We're cautious because we're at the precipice of breaking out - we feel like we should play it safe until our community is more fully established, until we don't draw negative attention. Many of our elders in the generations preceding have tried to use that tactic before, and failed.

Because the one way to fight back against scrapegoating is to call it what it is, and to loudly shame the instigator. And I will say that many of my progressive South Asian American friends were NOT happy with Obama's "Clinton (D-Punjabi)" press release. I wasn't happy with it. Who knows, maybe if Obama had an APA press staffer, they might have flagged that as a huge mistake. Too late, damage done.

Clinton on the other hand stuck by the APIA community when Chinatown donorgate was erupting, which means that she's learned from before. And then it became a non-issue. If she had scrapegoated us, it would have become MORE of an issue because the press would have been collecting scalps.

And if you are training and investing in talent, you need to do the same for the APIA youth and the APIA community - think of it as growing organizers. It's not enough to have a half sister, you've got to do the work on the ground. In the communities. And no, the organizers do not always have to look like the people that they organize, but there's a difference between a 1.5 minute voter contact and a sustained organizing drive. Initial appearances matter, and initial barriers matter. And you cannot buy the depth of the connections that some of Clinton's staff people have, like Karen Hicks in New Hampshire. You can train staff to learn how to distinguish amongst different voting pockets in APA precincts, but it won't always be at the top of their mind.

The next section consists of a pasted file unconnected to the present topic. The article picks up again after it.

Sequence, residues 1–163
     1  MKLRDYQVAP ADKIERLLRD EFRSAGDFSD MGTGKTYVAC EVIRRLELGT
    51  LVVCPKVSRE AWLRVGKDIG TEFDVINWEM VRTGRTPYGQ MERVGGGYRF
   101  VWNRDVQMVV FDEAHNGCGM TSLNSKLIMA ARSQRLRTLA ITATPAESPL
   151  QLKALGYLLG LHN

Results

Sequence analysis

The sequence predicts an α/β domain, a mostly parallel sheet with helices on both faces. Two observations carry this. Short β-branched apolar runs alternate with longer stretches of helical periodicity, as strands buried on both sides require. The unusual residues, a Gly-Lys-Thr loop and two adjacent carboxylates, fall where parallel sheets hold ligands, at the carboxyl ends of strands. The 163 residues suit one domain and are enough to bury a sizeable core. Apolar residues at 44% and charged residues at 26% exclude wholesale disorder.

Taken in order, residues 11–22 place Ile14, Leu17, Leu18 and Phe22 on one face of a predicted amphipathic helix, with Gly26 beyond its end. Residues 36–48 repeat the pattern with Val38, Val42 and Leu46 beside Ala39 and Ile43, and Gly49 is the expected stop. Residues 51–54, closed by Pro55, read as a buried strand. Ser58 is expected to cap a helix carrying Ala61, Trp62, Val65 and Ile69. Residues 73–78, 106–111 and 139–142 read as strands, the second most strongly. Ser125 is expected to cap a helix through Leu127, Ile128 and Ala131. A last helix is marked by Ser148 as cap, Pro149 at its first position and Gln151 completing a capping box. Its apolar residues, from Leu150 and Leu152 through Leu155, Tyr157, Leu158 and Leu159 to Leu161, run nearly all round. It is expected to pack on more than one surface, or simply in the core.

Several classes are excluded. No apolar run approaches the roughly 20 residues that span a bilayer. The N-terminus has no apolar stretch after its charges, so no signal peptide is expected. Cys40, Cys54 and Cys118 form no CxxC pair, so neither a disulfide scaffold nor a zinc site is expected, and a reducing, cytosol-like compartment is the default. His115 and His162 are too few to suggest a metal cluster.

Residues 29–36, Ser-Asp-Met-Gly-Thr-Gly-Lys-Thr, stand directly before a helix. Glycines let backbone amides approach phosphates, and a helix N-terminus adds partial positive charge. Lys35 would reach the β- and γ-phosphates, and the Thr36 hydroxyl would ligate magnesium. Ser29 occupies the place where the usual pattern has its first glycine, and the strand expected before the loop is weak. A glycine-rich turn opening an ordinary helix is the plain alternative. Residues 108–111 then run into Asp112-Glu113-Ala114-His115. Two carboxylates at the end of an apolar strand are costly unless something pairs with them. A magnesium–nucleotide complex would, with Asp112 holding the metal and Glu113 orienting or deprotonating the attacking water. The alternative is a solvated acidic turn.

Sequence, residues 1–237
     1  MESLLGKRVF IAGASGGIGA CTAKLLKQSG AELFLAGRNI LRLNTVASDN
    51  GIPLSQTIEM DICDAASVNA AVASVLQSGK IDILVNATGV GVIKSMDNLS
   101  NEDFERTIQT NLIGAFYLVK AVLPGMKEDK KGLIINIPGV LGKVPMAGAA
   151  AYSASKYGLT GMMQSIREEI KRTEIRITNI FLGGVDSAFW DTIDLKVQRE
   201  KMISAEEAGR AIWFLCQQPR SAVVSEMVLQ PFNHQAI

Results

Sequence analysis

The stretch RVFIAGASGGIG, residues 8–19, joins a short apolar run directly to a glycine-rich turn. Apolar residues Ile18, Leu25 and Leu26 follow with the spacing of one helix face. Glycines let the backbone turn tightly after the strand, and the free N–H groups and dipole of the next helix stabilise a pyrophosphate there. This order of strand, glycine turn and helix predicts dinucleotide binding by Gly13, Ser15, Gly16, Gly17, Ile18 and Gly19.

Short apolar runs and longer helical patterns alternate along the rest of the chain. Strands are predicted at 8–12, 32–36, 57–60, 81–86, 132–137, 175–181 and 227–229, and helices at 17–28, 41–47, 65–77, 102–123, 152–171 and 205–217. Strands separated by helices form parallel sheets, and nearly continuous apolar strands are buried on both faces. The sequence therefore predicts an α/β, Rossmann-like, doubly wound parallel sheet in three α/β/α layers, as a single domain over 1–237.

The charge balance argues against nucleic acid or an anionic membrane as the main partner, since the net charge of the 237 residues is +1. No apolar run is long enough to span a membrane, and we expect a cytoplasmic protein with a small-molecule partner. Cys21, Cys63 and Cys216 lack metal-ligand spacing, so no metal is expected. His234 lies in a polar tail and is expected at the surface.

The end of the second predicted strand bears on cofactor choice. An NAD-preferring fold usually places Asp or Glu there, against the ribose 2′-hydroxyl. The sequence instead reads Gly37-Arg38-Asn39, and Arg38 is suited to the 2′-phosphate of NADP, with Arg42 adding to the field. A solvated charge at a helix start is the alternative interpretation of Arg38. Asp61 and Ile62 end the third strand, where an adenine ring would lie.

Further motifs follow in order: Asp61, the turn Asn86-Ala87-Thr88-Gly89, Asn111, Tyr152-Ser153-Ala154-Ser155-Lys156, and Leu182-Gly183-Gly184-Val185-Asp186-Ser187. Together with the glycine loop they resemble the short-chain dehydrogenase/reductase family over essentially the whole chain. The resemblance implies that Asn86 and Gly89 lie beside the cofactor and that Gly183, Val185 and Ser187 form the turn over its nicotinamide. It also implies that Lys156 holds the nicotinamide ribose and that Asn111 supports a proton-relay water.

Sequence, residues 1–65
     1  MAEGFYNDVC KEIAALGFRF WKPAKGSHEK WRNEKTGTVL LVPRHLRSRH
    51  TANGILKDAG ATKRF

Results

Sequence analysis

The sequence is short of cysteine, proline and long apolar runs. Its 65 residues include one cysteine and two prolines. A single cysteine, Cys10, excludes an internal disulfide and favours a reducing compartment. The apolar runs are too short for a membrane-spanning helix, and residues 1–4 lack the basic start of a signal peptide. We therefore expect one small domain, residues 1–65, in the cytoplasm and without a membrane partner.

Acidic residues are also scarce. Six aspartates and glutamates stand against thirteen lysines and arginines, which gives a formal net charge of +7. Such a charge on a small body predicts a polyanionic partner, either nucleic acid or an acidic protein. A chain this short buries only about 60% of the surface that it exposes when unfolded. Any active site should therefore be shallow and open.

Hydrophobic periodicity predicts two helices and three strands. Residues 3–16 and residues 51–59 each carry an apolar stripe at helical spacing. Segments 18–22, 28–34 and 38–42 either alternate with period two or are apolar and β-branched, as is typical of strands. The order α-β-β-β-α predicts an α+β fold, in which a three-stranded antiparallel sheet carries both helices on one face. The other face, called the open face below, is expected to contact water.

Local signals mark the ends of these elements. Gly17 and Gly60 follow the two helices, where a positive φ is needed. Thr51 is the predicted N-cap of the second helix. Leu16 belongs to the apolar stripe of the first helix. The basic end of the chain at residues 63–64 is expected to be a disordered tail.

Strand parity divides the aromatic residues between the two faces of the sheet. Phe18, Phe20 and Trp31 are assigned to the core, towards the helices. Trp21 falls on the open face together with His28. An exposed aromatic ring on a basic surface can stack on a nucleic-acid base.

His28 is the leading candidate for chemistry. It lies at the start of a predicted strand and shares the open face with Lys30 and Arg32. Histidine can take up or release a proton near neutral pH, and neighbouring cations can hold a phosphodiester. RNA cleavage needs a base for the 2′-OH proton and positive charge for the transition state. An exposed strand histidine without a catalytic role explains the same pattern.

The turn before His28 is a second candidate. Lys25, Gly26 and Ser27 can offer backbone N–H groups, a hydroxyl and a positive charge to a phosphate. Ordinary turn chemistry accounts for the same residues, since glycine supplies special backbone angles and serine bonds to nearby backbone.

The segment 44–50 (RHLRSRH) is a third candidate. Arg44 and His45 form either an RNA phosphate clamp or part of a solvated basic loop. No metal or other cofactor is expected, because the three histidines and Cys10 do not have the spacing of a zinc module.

But I'll also tell you something else. Not all the elders support Clinton, not all of them trust her. Plenty of normally apolitical or even Republican people across the generations have told me that they feel compelled to support Obama because he represents change. Because they don't trust Hillary. Because they think she will lead the country down an even more divided path. And a few of these people have even voted for their first Democratic candidate. Pretty heady stuff.

And lastly, Hillary - you are NOT the insurgent candidate. You will never be, and you can't be. If you are doing poorly, it's because you're losing or worse - drawing even. Don't try to out gumby Romster, it's just not dignified. (Also, bye bye Romney.)

Hmm, final final word - color me unimpressed with the Yes We Can video. I think it speaks to a demographic that Obama already has locked up - the youth vote. I'm not so far away from it, but I can't see the appeal. And our parents definitely can't see the appeal in it. Trust me. Scarlett Johanssen might as well be Sports Illustrated pinup #2037. Right now Obama needs to do something to win the 40-50, if not the 50-60 year old groups.